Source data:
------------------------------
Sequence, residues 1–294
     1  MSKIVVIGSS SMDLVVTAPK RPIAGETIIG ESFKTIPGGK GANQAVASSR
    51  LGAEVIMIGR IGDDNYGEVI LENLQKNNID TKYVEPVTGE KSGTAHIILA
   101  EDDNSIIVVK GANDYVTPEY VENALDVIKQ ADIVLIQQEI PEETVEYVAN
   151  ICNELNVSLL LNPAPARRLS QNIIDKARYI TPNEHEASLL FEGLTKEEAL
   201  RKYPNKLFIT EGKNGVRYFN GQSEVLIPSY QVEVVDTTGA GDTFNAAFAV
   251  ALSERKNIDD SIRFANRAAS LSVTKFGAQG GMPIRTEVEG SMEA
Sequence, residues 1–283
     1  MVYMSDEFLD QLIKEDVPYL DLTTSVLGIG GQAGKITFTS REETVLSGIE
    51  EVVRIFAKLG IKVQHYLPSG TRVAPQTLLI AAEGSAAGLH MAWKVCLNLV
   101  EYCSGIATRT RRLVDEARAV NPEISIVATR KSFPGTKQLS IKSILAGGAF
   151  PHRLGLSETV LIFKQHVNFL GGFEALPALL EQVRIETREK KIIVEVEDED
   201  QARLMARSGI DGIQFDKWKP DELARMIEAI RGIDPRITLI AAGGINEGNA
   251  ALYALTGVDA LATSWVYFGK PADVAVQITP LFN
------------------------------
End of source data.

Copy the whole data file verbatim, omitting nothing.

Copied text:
Sequence, residues 1–294
     1  MSKIVVIGSS SMDLVVTAPK RPIAGETIIG ESFKTIPGGK GANQAVASSR
    51  LGAEVIMIGR IGDDNYGEVI LENLQKNNID TKYVEPVTGE KSGTAHIILA
   101  EDDNSIIVVK GANDYVTPEY VENALDVIKQ ADIVLIQQEI PEETVEYVAN
   151  ICNELNVSLL LNPAPARRLS QNIIDKARYI TPNEHEASLL FEGLTKEEAL
   201  RKYPNKLFIT EGKNGVRYFN GQSEVLIPSY QVEVVDTTGA GDTFNAAFAV
   251  ALSERKNIDD SIRFANRAAS LSVTKFGAQG GMPIRTEVEG SMEA
Sequence, residues 1–283
     1  MVYMSDEFLD QLIKEDVPYL DLTTSVLGIG GQAGKITFTS REETVLSGIE
    51  EVVRIFAKLG IKVQHYLPSG TRVAPQTLLI AAEGSAAGLH MAWKVCLNLV
   101  EYCSGIATRT RRLVDEARAV NPEISIVATR KSFPGTKQLS IKSILAGGAF
   151  PHRLGLSETV LIFKQHVNFL GGFEALPALL EQVRIETREK KIIVEVEDED
   201  QARLMARSGI DGIQFDKWKP DELARMIEAI RGIDPRITLI AAGGINEGNA
   251  ALYALTGVDA LATSWVYFGK PADVAVQITP LFN